Friday, December 21, 2007

"Where the Hippies are"

If it’s the holidays it must mean my annual shopping trip to Yellow Springs.

I used come here more frequently when I first moved from California, but now maybe just once or twice a year.

Yellow Springs is known in the Dayton area as the place “where the hippies are”, which annoys me whenever I hear people say that..

The hippies no-doubt were in Yellow Springs. In 1970.

We’re in 2007.


Yellow Springs is akin to certain northern California communities, like Nevada City, Bolinas, Tomales, Booneville, Guerneville, Mendocino, perhaps Calistoga, perhaps even Davis, that were once locales for the 1960s counterculture, but have beyond that, in some cases becoming somewhat upscale enclaves for whom David Brooks calls “bourgouis bohemians” (AKA The BoBos).

But Yellow Springs is (was?) a college town, too, the college being the famous (albeit small) Antioch, which drew a student body and (I’m guessing) faculty hip to whatever countercultural scene was current, so the “alternative” aspect of the community was always being refreshed and updated.

I guess folks in the rest of the Dayton area have no context for all this, thus it is all “hippie” to them.

Yellow Springs also draws on newcomers to the area from more progressive and open-minded parts of the USA, who go into culture shock at first encounter with Southwest Ohio and look to Yellow Springs as an oasis of sorts.

I was one of those newcomers. I came very close to moving to Yellow Springs. In fact the ‘Springs was my first choice as a place to live. For various reasons I ended up in Washington Township, which means the “Springs became very out-of-the-way for me. As time wore on I visited to Yellow Springs less and less

Though I drew comparisons with certain country towns in Northern California Yellow Springs also reminds me of Louisville. If one can imagine an urban neighborhood infused with the spirit of Yellow Springs one would have the Louisville neighborhoods of Clifton, Crescent Hill, and the various neighborhoods collectively known as The Highlands (though Louisville is a bit more politically avant-garde, and Yellow Springs is more new-agey).

Yellow Springs’ cultural aura makes extends beyond the village, particularly in the local music scene. Some of my favorite music acts (The Professors, Dawn Cooksey, The Corndaddies) are or were based in Yellow Springs, and there is of course WYSO 91.3 FM, which helps make life in the Dayton region bearable. The bar/restaurant Peach's Grill is turning out to be one of the better live music venues in the area, giving Canal Street Tavern a good run for the money in the bands it books

One can also talk about The Winds and the Little Art, particularly The Winds, which operates at California levels of gastronomic innovation and quality

Given the recent issues with Antioch one wonders if Yellow Springs will retain its character. I think it will, as long as there is a trickle of in-migrants to the Dayton region from outside of Ohio who appreciate what the community has to offer and relocate there.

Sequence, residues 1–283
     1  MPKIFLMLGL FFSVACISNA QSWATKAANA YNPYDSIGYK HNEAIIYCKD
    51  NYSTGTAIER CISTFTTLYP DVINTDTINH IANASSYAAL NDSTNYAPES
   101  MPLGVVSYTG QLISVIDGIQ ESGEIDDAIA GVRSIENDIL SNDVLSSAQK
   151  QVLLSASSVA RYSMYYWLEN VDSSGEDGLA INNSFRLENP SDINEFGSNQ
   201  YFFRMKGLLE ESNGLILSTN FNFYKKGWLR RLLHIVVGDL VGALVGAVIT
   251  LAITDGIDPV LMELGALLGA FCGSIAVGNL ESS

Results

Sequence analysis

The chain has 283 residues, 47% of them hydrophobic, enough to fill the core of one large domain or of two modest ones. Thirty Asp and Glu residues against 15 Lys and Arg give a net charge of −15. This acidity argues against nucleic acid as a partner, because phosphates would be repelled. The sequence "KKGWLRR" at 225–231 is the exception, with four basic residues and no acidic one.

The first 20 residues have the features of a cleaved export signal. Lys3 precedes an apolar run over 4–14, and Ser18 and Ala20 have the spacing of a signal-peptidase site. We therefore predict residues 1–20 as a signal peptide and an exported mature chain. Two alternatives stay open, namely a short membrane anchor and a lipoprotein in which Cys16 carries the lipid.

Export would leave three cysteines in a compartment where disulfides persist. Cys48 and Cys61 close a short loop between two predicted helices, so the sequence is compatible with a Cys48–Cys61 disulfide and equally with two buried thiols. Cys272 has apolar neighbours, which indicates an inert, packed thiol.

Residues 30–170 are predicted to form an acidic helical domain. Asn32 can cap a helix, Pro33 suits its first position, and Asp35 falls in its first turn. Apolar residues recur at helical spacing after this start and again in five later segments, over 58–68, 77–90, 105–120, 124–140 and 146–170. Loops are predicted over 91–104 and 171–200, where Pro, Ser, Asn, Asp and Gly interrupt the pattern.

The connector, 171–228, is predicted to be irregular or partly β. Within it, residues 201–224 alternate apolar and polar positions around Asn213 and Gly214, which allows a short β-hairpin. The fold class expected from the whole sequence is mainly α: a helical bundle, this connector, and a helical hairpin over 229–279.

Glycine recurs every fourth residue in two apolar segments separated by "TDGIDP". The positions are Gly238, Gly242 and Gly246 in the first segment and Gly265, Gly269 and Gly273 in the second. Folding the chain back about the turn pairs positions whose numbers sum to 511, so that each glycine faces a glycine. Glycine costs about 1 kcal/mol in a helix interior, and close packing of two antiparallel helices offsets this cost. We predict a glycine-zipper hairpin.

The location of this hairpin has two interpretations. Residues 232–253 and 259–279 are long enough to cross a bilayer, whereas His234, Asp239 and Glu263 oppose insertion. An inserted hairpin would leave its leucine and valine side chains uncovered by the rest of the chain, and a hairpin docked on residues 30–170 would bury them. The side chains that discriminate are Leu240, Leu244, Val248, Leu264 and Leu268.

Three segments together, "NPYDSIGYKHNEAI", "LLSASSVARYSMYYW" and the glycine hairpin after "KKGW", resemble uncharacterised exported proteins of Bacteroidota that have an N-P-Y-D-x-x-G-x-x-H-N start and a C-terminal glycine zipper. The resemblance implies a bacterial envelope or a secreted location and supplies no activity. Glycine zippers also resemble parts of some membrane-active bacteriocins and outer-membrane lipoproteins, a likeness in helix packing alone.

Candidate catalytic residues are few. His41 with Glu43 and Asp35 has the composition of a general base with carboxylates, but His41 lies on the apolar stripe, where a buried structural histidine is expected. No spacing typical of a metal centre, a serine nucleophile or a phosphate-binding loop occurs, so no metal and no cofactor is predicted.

jafabrit said...

Yea! where are they? I have to wonder too about the hippie label lol! Nice review of the village. What I like is being able to walk into town and get fresh baked bread from the emporium.
We have a very vibrant art scene (moi being part of it :) And maybe the next time you come keep your eyes peeled for the found art objest many of our local artists leave around. has a few examples.

and here is the arts council blog

Buckeye said...

My husband and I were in Yellow Springs a long time ago. I graduated from Antioch in 1960 and we stayed for while after as my husband worked in the administration. Our first child was born in Springfield at Mercy Hospital.
I enjoyed seeing the photos of 'downtown' Yellow Springs. Don't recognize a thing. Is the Miami Deposit Bank still there? In those days, you could walk into the Miami Deposit Bank and walk out with a mortgage.
The Tavern may still be there, right? Deeton's Hardware? Luttrell's Super Market?

Jefferey said...

I think there is a hardware store in the red brick building to the left on the last pix, and the Old Trail Tavern is the buildng with the neon sign to the right on the first pix.

There is a supermarket in town, still, but I havn't heard about that bank.


jafabrit makes a good point about YSO's art scene, which I didn't mention. This is another parallel with Louisville and some of those California towns. A healthy local artist and craftsperson community, as well as folks who support the creative community by buying the works.

jafabrit said...

Weavers is now Toms Market, and the hardware store is still on the corner. The little art theatre is still hanging in there, as is Town Drug, Earth Rose, ohio silver, ha ha pizza. Miami bank is now US bank. The Tavern is still there and was cited in the news last year when ghosthunters did a documentary on the ghost there.
Just for those who might be interested, we do have an art gallery in the public restrooms called the ChamberPot Gallery.
And some really cool murals and graffiti in Keiths Alley.

Anonymous said...

There were nice free concerts in the 70's too. Like hippie days the panhandlers were in SF first then red bands lik TGD

Anonymous said...

Yellow Springs has a Kinkadian charm - a true oasis to the truths of current society - that it makes even the local Trustafarians bearable.